I see that the feelings associated with “doing the wrong thing” are pleasurable and the pleasure we derive from doing them is what keeps us doing them, time after time. And because we won’t admit to ourselves that doing the wrong thing is pleasurable and because we won’t acknowledge the pleasure we get from doing them – that is because we resist these aspects of the situation – our willingness to do them time after time persists.
The answer is simple. It’s just the fact that I’ve rejected that answer over and over again that keeps me blind to it year after year.
As a result of watching and observing my own shadow side, I now see that feelings like arrogance, self-righteousness, and vengefulness are in fact pleasurable. If you watch a TV program like Dallas, and I’ve never been able to bring myself to watch more than a minute or two of it I confess, you’ll see people engage in what we judge as the worst possible lines of behavior and yet they derive pleasure from them.
Until someone exposes that they’re not behaving according to the Golden Rule or the Ten Commandments or some other standard of virtuous behavior and shame asserts itself, they continue doing them. When we’re reminded of the fact that society does not permit us to do these behaviors, we stop. But we still enjoy them even if we’ve ceased temporarily. On Dallas, people soon resume their resort to them. But until that moment of being “called” on their “bad behavior,” the actors appear to be enjoying themselves.
When I got past my aversion to these lines of bad behavior and could simply rest in observation of how I felt as Jesus recommended in his message “The Third Way,” (2) I could see that the factor that kept my “bad behavior” locked in place in my life and the factor that I was never admitting to myself was that I enjoyed feeling arrogant, self-righteous, and vengeful.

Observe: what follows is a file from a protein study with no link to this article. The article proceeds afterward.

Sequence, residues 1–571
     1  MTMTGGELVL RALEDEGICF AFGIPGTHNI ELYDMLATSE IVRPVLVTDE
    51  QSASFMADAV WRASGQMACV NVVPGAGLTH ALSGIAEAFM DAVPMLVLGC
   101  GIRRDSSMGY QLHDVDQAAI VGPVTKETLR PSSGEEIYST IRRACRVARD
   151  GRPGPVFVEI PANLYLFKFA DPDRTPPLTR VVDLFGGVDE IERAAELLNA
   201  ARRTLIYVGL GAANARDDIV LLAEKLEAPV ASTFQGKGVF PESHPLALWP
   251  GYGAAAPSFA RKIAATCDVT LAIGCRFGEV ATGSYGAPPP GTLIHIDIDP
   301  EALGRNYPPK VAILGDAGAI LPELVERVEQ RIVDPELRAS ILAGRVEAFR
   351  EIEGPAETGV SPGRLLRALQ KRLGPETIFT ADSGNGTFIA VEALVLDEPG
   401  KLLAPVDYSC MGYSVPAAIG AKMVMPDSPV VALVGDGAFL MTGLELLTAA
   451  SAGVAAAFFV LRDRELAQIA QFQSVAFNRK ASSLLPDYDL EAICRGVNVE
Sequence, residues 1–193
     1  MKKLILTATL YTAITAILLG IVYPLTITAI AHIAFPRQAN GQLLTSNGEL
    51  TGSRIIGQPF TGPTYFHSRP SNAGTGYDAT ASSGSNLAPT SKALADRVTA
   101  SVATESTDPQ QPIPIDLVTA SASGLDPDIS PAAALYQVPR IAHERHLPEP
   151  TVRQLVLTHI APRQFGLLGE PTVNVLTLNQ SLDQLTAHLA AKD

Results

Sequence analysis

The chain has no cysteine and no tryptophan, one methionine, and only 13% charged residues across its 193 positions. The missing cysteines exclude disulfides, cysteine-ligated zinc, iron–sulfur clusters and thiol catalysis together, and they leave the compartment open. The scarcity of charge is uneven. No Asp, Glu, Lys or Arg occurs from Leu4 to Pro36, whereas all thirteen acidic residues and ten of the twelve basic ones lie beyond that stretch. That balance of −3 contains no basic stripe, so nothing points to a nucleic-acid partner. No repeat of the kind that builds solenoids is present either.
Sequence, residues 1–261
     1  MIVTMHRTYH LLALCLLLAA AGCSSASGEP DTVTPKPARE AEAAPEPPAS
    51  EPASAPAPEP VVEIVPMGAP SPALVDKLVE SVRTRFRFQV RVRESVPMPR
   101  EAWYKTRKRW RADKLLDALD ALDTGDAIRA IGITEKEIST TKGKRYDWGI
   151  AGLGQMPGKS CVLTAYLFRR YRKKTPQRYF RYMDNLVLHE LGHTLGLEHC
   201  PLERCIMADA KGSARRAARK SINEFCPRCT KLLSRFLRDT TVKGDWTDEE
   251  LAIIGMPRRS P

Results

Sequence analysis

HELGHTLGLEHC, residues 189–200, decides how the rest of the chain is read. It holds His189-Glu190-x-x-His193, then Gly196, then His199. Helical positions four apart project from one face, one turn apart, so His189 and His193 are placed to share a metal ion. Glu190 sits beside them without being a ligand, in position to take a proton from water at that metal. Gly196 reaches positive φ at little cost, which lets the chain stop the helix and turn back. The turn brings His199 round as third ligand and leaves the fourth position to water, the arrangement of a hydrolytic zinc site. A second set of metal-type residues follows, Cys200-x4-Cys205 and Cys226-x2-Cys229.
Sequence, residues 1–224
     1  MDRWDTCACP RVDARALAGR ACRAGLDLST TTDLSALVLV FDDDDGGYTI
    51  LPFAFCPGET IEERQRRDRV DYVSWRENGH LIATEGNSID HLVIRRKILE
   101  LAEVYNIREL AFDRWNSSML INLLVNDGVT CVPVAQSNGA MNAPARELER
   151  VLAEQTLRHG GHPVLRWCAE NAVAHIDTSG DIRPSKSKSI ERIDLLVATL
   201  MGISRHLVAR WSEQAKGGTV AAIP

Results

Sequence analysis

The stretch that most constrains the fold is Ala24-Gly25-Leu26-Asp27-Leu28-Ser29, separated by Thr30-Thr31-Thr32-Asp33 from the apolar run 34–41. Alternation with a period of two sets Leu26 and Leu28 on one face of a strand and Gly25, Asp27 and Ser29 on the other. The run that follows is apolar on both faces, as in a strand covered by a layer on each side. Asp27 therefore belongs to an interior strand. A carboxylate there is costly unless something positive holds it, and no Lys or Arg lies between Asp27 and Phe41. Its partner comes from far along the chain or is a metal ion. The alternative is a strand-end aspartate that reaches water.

And if I take that enjoyment one step further and look at what lies below it, what I find is a very enjoyable feeling of power.
This feeling of powerfulness is simply a feeling. It doesn’t translate into actual power, although I could allow it to motivate me and become a Hitler or a Mussolini, I suppose. But it in itself is not power. It is just the feeling of being powerful.
The Wizard of Oz felt powerful until Dorothy drew back the curtain and forced the Wizard to enter the real world. He had to acknowledge that a feeling of power did not translate into actual power and he awakened from the dream. But I’ve remained in the dream all these years because I enjoyed the feeling of power and never had my curtain drawn back.
Most of us never do have our curtains drawn back. Most of us keep doing the same bad things over and over again because we reside in our dream world with the curtain in place, enjoying the feelings of power, vengefulness, arrogance, etc.
I could allow the feeling to advance and become a love of power, a hankering for or desiring of power. I could become power-hungry. People might call me demented in that case and everyone who did so I’d then create as an “enemy” and, if I was Hitler or Mussolini, I’d eliminate.